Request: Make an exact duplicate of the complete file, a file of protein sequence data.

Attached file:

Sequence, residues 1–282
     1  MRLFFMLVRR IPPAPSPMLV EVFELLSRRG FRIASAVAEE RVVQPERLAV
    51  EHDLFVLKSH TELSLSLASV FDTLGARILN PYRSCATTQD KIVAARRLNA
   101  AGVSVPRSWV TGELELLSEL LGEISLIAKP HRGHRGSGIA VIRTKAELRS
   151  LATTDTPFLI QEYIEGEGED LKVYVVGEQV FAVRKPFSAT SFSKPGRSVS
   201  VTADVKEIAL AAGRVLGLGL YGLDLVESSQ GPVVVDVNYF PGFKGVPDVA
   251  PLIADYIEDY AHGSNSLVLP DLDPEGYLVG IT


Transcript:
Sequence, residues 1–282
     1  MRLFFMLVRR IPPAPSPMLV EVFELLSRRG FRIASAVAEE RVVQPERLAV
    51  EHDLFVLKSH TELSLSLASV FDTLGARILN PYRSCATTQD KIVAARRLNA
   101  AGVSVPRSWV TGELELLSEL LGEISLIAKP HRGHRGSGIA VIRTKAELRS
   151  LATTDTPFLI QEYIEGEGED LKVYVVGEQV FAVRKPFSAT SFSKPGRSVS
   201  VTADVKEIAL AAGRVLGLGL YGLDLVESSQ GPVVVDVNYF PGFKGVPDVA
   251  PLIADYIEDY AHGSNSLVLP DLDPEGYLVG IT